Timmel, G.*, S. Courbis, H. Sargeant-Green, and H. Markowitz. 2008. Effects of human traffic on the movement patterns of Hawaiian spinner dolphins (Stenella longirostris) in Kealakekua Bay, Hawaii. Aquatic Mammals 34(4):402-411.
*email: gtimmel at berkeley.edu
Kealakekua Bay is an important resting site for Hawaiian spinner dolphins (Stenella longirostris) and is popular with both local residents and tourists. Human activities occurring here include swimming, snorkeling, kayaking, and motor-boating. The objectives of this study were to document movement patterns of dolphin groups in Kealakekua Bay, to determine if different types and levels of human activity within the bay result in quantifiable changes in dolphin group movement patterns, and to provide baseline data for future studies. Theodolite tracking was used to assess responses of dolphin groups to human traffic. Variables examined included group mean leg speed (leg speed: the distance between two consecutive theodolite fixes of a dolphin group divided by time; mean leg speed: the average of all leg speeds comprising a track) and group reorientation rate. Swimmers and/or vessels were present within 100 m of all dolphin groups tracked during all surveys. Regression analyses were used to examine potential relationships between dolphin group related variables (e.g., reorientation rate, mean leg speed) and variables related to human activities (e.g., swimming, kayaking, motor-boating). Increasing levels of human activity had a limited but measurable effect on the movement patterns of Hawaiian spinner dolphin groups at this site.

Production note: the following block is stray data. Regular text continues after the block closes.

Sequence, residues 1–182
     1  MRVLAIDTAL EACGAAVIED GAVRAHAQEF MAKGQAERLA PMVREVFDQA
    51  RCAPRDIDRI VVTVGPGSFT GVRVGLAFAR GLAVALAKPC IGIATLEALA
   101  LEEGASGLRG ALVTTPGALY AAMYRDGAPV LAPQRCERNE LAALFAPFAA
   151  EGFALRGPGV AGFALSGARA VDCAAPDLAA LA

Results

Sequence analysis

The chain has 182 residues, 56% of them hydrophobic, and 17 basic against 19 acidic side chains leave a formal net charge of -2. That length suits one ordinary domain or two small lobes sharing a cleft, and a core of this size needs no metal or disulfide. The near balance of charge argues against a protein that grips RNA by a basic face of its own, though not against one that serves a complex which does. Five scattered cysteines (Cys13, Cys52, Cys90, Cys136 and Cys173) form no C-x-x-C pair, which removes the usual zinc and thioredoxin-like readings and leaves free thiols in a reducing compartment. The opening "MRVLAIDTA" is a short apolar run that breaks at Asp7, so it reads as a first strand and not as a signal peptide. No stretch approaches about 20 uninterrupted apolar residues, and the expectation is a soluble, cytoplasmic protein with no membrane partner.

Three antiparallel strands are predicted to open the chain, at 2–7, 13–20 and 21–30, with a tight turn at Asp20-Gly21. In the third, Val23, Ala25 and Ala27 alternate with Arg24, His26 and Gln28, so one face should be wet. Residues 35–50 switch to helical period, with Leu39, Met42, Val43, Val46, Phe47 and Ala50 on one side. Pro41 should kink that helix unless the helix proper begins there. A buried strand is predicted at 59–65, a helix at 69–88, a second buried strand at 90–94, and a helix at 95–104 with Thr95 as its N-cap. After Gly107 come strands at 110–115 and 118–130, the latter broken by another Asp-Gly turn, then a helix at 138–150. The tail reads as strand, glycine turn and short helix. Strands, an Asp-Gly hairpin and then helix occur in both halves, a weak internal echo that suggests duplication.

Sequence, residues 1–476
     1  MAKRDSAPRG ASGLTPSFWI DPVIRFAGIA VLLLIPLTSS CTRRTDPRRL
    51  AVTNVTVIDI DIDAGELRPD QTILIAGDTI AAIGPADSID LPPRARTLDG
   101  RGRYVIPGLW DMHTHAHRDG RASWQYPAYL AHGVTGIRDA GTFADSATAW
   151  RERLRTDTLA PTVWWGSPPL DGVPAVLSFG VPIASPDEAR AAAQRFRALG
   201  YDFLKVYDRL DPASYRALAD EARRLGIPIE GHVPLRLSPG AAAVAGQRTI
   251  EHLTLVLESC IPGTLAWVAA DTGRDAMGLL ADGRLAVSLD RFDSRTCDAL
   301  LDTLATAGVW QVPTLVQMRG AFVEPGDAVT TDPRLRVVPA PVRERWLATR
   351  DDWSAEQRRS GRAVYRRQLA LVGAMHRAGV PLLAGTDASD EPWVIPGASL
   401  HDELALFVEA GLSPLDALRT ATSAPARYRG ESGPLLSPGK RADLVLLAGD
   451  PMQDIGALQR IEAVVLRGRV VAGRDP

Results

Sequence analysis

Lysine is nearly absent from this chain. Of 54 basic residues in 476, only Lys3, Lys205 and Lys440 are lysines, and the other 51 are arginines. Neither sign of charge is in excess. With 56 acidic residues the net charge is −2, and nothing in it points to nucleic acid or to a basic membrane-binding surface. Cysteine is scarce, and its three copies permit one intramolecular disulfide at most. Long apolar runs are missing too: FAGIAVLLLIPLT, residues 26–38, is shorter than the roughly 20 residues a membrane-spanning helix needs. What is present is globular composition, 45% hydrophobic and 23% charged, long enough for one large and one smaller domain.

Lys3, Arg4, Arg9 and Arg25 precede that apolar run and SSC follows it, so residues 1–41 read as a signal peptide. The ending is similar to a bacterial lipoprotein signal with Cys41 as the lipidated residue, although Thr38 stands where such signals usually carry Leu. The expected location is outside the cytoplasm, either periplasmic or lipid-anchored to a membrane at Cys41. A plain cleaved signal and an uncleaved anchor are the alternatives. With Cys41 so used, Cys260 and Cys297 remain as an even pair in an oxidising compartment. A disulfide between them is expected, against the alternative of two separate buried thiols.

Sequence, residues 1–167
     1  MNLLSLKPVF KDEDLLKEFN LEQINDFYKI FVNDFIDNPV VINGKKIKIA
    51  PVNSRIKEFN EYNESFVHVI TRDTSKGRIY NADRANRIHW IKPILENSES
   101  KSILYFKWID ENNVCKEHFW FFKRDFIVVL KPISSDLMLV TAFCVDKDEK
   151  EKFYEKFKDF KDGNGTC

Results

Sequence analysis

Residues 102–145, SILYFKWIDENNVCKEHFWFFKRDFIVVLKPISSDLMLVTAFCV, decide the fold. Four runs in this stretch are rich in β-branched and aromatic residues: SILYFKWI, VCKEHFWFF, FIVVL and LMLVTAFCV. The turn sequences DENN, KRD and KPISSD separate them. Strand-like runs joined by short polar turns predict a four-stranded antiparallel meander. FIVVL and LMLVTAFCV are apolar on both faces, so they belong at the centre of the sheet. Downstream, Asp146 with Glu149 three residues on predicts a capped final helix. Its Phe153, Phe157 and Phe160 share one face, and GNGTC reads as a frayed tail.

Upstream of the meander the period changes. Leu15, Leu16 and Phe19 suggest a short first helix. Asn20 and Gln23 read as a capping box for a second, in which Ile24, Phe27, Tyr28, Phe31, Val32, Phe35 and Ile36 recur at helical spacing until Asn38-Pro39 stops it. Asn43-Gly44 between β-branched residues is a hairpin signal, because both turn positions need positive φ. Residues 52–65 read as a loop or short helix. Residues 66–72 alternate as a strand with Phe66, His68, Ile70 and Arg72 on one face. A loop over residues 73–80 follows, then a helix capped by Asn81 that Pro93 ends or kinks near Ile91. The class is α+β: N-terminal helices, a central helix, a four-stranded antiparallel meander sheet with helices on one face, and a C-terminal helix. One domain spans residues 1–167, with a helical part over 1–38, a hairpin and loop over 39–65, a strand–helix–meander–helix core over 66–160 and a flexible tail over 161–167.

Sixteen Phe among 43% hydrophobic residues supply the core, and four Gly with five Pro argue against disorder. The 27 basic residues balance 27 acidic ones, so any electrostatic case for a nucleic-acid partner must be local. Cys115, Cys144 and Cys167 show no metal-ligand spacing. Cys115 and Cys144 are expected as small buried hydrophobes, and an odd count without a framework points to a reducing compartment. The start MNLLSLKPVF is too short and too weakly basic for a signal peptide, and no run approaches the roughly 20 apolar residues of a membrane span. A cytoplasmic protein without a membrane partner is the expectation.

Halvorsen, K.M.*, and E.O. Keith. 2008. Immunosuppression cascade in the Florida manatee (Trichechus manatus latirostris). Aquatic Mammals 34(4):412-419.
*email: Katherinemarina at gmail.com
The Florida manatee (Trichechus manatus latirostris) is a federally endangered marine mammal that resides on both coasts of the Florida peninsula. The species faces many anthropogenic and natural threats, including boat strikes, exposure to harmful algal blooms, and cold water temperatures. We have developed a conceptual model that depicts how changes in the environment, such as reduced water temperature, can trigger an immunosuppressive cascade of interrelated diseases and pathological conditions ultimately leading to the death of the animal. Although the Florida manatee has a relatively robust immune system, rendering it resistant to several diseases, the onset of unfavorable environmental conditions has been shown to compromise the immune system, often leading to infections that make an animal more susceptible to opportunistic pathogens. In this paper, we review several common diseases of the Florida manatee and compare and contrast their symptoms. We then interrelate these diseases and generate a conceptual model of a cascade of immunosuppressive conditions originally triggered by adverse environmental conditions or one of the diseases. The end result of the cascade is the death of the animal.